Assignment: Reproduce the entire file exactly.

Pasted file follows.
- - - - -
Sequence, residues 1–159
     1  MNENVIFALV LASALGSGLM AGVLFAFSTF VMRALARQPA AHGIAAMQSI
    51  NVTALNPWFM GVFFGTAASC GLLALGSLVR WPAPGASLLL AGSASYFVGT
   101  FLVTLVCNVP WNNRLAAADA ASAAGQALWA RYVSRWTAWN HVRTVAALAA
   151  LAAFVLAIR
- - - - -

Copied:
Sequence, residues 1–159
     1  MNENVIFALV LASALGSGLM AGVLFAFSTF VMRALARQPA AHGIAAMQSI
    51  NVTALNPWFM GVFFGTAASC GLLALGSLVR WPAPGASLLL AGSASYFVGT
   101  FLVTLVCNVP WNNRLAAADA ASAAGQALWA RYVSRWTAWN HVRTVAALAA
   151  LAAFVLAIR